According to a comprehensive study of all enlistees for the years 1998-99 and 2003 that The Heritage Foundation just released, the typical recruit in the all-volunteer force is wealthier, more educated and more rural than the average 18- to 24-year-old citizen is. Indeed, for every two recruits coming from the poorest neighborhoods, there are three recruits coming from the richest neighborhoods.Read the rest to see how the demographics of the military are much closer to that of the general population, except for the numbers of rural enlistees, than you might have suspected.
It reminds me of some of the myths of who served in Vietnam, from B. G. Burkett's book, Stolen Valor.
Myth: The war was fought predominantly by draftees.It's amazing how the facts are so contrary to the stereotype from the media and the movies about Vietnam Vets. So, it's not surprising that the standard line about those serving today is off base.
Reality: About one-third of Vietnam-era veterans entered the military through the draft, far lower than the 67 percent drafted in World War II. And once drafted, many men volunteered for the Marines, the Airborne, Special Forces, or other duty likely to send them to Vietnam.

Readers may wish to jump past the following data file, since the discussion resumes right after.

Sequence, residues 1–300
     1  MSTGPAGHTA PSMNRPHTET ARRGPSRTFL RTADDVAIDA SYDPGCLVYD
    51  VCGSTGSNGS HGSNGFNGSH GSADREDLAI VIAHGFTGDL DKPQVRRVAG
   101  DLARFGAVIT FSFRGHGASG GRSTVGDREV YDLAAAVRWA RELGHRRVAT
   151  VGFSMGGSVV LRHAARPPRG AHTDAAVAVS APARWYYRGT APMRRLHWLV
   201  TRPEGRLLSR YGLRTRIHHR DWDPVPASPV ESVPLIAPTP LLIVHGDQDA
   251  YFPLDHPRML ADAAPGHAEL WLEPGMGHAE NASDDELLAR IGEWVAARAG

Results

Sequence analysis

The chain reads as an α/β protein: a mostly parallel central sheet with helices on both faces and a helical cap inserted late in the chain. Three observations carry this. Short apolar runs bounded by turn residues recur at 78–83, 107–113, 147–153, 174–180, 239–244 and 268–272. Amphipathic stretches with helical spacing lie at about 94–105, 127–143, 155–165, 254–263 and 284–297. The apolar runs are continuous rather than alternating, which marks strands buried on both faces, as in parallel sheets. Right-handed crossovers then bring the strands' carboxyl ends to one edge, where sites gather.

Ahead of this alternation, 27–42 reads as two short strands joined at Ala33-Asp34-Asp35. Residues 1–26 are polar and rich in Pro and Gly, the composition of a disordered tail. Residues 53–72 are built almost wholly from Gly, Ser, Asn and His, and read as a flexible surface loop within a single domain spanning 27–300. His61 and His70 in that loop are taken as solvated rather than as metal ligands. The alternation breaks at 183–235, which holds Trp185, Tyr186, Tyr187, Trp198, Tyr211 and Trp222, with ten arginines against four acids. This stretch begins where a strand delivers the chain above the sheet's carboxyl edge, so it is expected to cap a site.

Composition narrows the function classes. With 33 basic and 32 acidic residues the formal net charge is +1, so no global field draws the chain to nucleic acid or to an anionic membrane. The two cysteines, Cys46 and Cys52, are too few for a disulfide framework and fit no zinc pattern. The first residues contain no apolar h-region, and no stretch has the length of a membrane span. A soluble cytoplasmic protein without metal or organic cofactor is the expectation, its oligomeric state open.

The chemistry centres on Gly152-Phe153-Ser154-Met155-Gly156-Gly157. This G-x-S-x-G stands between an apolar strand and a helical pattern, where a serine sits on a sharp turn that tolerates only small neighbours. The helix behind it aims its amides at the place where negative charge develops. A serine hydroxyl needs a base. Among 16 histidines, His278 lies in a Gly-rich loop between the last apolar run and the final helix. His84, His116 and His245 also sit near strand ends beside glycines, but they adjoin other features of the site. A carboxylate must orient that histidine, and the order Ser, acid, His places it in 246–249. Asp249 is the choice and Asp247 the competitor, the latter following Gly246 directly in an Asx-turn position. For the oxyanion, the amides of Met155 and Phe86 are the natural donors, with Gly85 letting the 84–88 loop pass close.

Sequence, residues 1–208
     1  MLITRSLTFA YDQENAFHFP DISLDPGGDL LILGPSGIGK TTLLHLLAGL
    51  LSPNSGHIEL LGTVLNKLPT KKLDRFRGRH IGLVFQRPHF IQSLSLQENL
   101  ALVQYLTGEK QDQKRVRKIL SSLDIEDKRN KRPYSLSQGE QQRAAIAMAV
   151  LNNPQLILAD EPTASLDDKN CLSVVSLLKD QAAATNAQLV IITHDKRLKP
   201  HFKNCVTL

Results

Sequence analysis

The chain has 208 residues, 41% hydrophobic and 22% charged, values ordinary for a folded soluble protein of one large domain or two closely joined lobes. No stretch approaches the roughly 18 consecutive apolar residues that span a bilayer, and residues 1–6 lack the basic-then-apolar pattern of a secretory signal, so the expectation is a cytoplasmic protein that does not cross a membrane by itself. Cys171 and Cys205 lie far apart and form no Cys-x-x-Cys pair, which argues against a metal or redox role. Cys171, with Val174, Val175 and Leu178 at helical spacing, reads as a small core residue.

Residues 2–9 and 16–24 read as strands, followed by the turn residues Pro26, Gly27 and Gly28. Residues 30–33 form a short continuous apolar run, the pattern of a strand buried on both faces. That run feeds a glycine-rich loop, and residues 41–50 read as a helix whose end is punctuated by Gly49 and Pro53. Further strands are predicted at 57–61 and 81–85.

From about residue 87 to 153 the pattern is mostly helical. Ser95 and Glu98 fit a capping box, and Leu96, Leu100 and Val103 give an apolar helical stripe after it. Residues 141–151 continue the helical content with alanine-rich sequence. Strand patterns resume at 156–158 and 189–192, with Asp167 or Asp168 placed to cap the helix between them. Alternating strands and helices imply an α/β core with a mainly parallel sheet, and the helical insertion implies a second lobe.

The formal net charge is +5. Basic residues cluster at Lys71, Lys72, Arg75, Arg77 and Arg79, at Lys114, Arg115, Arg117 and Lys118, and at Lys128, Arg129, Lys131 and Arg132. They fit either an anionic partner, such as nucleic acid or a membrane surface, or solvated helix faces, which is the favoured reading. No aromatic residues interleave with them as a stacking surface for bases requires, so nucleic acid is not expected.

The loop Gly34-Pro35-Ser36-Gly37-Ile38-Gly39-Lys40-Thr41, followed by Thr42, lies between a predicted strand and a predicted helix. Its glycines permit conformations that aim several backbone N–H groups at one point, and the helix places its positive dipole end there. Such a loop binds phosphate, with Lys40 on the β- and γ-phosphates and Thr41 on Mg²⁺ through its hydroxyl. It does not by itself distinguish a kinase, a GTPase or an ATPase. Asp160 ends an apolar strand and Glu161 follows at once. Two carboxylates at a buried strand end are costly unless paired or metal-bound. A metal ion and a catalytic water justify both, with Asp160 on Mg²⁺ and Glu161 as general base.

Myth: It was a class war, with the poor and lower middle class those who suffered the brunt of it. The best and the brightest didn't go.
Reality: The force that fought in Vietnam was America's best educated and most egalitarian in the country's history -- and with the advent of the all-volunteer Army is likely to remain so.
In World War II, only 45 percent of the troops had a high school diploma.
Many were virtually illiterate. During the Vietnam War, almost 80 percent of those who served had high school diplomas, even though, at the time, only 65 percent of military age youths in the U.S. had a high school degree.
Throughout the Vietnam era, the median education level of the enlisted man was about 13 years. Proportionately three times as many college graduates served in Vietnam than in World War II.
A study done at the Massachusetts Institute of Technology in 1992 compared the socio-economics of the 58,000 Americans killed in Vietnam to 58,000 randomly chosen contemporaries by rating their home-of-record according to per-capita income. They discovered that 30 percent of the KIAs came from the lowest third of the income range; but 26 percent of the combat deaths came from families earning in the highest third. This result was startling -- and far from the expectation that wealthier Americans were sheltered from the war.
Myth: The war took the highest toll on minorities.
Reality: About 5 percent of those who died were Hispanic and 12.5 percent were black -- making both minorities slightly under-represented in relation to their proportion of draft-age males in the national population.